Netflix Inc. (NFLX) stock is slipping again as analysts question how the long it may take for the company to tackle its towering debt.
Shares of the Los Gatos, California-based entertainment giant were down about 3% before Wednesday's opening bell as analysts trimmed their Netflix price targets amid the company's increasingly red long-term balance sheet and the effect of its debt on cash flow. The pre-market decline adds to an approximately 33% reduction in share value over the back half of 2018.
Total debt now stands at more than $10 billion for the BB-rated company, a level that has grown as Netflix has transition away from reliance on larger media entities for content. About $2 billion in high-yield debt was added to the debt pile in late October to further its transition efforts, adding to concern among analysts.
SunTrust Robinson Humphrey analyst Matthew Thornton noted that the debt load, along with the expectation of softer fourth-quarter subscriber numbers, is motivating his price target cut of more than 13%.
"Meaningful fourth-quarter upside looks unlikely. We're updating our model with recent debt raise; and lowering our price target to $355 (higher rates, lower comp multiples) based on discounted cash flow," Thornton wrote.
Despite trimming his price target from $410 to $355, Thornton maintained his "Buy" rating considering the remaining upside for the streaming service ahead of a number of strong 2019 releases and the strength of surprise hits such as "Bird Box" at the end of 2018.
"Maintain Buy, despite near-term subs adds tracking soft (we're watching for December data), with the content slate set to strengthen into mid-year including 'Stranger Things,'" Thornton wrote. "We believe the company still has optionality around pricing (lower and higher, depending on market), distribution and partnerships, box office, merchandising, product placement, and licensing out content."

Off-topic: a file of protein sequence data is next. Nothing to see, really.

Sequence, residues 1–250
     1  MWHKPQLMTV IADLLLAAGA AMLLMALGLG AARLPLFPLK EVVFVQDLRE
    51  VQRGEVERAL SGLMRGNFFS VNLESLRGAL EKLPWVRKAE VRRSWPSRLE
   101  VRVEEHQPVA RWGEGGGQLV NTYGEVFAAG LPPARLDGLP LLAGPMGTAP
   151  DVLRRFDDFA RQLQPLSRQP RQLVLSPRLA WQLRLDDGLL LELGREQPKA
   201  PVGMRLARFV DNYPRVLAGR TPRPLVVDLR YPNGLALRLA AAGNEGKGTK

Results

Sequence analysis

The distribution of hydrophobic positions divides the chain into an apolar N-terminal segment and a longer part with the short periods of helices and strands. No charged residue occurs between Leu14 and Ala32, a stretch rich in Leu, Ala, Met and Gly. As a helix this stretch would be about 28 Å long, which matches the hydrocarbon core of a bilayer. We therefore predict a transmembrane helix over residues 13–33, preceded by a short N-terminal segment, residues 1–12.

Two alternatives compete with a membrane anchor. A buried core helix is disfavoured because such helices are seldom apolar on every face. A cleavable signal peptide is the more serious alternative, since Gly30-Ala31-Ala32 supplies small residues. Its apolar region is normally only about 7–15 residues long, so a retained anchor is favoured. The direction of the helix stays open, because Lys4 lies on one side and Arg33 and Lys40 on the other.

Less optimistically, Evercore ISI analyst Anthony DiClemente trimmed his price target from $375 to $325 on Friday while maintaining a "Hold" rating as the cost of Netflix's debt increases.
Half of analysts publishing research in December reined in price targets, according to FactSet.
In With the Neumann, Out With the Old
The transition follows longtime CFO David Wells' announcement of his planned departure in August after 14 years with the company after guiding Netflix's move to an original content business model.
"We would view the hire favorably, as Neumann has public CFO experience at a large global consumer tech/entertainment company, with leverage on the balance sheet and subscription revenue, and is fairly well-known and liked by investors," Thornton wrote on Wednesday morning.
Still, the Reuters report did coincide with a regulatory disclosure from Activision Blizzard that stated Neumann was being placed on administrative leave and considered for termination from his position, one he held for just 18 months.
"The Company intends to terminate Mr. Neumann's employment for cause unrelated to the Company's financial reporting or disclosure controls and procedures," the filing reads. "Mr. Neumann has been placed on a paid leave of absence from the Company pending an opportunity for him to demonstrate why cause does not exist to terminate his employment or why termination of his employment is not otherwise justified."
Prior to his short tenure at Activision Blizzard, Neumann enjoyed a long career at Walt Disney Co. (DIS) that was preceded by years of experience in private equity.